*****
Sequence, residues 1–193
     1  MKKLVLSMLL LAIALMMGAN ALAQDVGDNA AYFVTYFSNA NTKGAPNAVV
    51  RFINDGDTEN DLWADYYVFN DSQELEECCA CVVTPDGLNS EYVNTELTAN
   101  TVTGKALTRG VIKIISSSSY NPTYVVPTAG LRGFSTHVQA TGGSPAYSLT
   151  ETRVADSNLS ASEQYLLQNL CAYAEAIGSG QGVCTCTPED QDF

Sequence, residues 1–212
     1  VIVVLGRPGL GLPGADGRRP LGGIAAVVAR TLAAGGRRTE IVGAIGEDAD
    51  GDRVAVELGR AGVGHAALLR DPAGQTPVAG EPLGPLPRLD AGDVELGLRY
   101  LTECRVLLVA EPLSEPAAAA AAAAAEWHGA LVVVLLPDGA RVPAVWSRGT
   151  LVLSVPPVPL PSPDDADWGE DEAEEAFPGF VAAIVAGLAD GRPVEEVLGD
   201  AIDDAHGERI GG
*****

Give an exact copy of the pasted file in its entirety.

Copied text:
Sequence, residues 1–193
     1  MKKLVLSMLL LAIALMMGAN ALAQDVGDNA AYFVTYFSNA NTKGAPNAVV
    51  RFINDGDTEN DLWADYYVFN DSQELEECCA CVVTPDGLNS EYVNTELTAN
   101  TVTGKALTRG VIKIISSSSY NPTYVVPTAG LRGFSTHVQA TGGSPAYSLT
   151  ETRVADSNLS ASEQYLLQNL CAYAEAIGSG QGVCTCTPED QDF

Sequence, residues 1–212
     1  VIVVLGRPGL GLPGADGRRP LGGIAAVVAR TLAAGGRRTE IVGAIGEDAD
    51  GDRVAVELGR AGVGHAALLR DPAGQTPVAG EPLGPLPRLD AGDVELGLRY
   101  LTECRVLLVA EPLSEPAAAA AAAAAEWHGA LVVVLLPDGA RVPAVWSRGT
   151  LVLSVPPVPL PSPDDADWGE DEAEEAFPGF VAAIVAGLAD GRPVEEVLGD
   201  AIDDAHGERI GG